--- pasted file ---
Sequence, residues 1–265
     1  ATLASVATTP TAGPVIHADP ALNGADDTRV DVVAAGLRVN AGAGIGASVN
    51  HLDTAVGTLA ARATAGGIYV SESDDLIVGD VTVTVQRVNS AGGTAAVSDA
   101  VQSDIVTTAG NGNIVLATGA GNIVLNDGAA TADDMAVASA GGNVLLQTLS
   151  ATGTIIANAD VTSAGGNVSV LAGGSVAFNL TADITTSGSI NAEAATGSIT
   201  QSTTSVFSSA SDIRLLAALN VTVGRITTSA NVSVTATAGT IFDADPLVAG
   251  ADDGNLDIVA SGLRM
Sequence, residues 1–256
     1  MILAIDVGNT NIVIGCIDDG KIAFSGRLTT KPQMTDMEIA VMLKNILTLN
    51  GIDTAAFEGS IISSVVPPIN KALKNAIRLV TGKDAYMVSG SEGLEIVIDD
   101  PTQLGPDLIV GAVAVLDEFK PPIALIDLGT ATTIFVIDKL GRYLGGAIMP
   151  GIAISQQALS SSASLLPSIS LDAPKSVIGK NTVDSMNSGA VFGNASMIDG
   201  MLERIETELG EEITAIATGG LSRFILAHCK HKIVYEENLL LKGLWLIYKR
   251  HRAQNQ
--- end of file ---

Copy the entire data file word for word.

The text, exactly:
Sequence, residues 1–265
     1  ATLASVATTP TAGPVIHADP ALNGADDTRV DVVAAGLRVN AGAGIGASVN
    51  HLDTAVGTLA ARATAGGIYV SESDDLIVGD VTVTVQRVNS AGGTAAVSDA
   101  VQSDIVTTAG NGNIVLATGA GNIVLNDGAA TADDMAVASA GGNVLLQTLS
   151  ATGTIIANAD VTSAGGNVSV LAGGSVAFNL TADITTSGSI NAEAATGSIT
   201  QSTTSVFSSA SDIRLLAALN VTVGRITTSA NVSVTATAGT IFDADPLVAG
   251  ADDGNLDIVA SGLRM
Sequence, residues 1–256
     1  MILAIDVGNT NIVIGCIDDG KIAFSGRLTT KPQMTDMEIA VMLKNILTLN
    51  GIDTAAFEGS IISSVVPPIN KALKNAIRLV TGKDAYMVSG SEGLEIVIDD
   101  PTQLGPDLIV GAVAVLDEFK PPIALIDLGT ATTIFVIDKL GRYLGGAIMP
   151  GIAISQQALS SSASLLPSIS LDAPKSVIGK NTVDSMNSGA VFGNASMIDG
   201  MLERIETELG EEITAIATGG LSRFILAHCK HKIVYEENLL LKGLWLIYKR
   251  HRAQNQ